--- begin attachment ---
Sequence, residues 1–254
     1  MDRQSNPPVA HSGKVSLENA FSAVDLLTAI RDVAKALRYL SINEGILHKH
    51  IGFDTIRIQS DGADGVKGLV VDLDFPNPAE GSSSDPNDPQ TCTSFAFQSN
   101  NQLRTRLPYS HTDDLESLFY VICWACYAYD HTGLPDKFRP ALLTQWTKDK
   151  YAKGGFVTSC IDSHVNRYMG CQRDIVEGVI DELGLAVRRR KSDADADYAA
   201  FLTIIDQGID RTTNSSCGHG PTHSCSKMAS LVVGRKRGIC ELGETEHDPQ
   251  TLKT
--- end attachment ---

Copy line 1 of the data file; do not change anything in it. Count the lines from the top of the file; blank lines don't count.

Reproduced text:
Sequence, residues 1–254